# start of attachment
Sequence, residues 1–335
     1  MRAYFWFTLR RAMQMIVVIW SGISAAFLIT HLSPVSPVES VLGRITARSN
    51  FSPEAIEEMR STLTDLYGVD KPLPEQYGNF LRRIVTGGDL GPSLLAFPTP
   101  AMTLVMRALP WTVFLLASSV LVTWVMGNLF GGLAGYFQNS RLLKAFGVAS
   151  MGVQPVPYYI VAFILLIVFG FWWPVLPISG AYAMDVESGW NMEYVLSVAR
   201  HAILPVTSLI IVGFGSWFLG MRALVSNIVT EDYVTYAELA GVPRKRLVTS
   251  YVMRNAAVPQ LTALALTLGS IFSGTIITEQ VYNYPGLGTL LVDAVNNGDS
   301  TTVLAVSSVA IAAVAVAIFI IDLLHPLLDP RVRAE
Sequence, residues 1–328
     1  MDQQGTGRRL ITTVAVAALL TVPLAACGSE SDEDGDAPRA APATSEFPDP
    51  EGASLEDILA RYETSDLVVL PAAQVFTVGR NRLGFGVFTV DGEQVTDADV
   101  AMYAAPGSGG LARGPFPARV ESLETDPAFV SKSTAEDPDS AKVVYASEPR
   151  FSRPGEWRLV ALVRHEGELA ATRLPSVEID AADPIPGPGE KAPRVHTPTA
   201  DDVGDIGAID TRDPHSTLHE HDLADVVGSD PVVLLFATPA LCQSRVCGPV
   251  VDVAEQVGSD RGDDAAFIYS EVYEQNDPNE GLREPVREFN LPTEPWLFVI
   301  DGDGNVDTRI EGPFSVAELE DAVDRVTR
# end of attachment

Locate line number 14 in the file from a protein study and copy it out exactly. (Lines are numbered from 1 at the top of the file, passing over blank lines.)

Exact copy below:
   201  DDVGDIGAID TRDPHSTLHE HDLADVVGSD PVVLLFATPA LCQSRVCGPV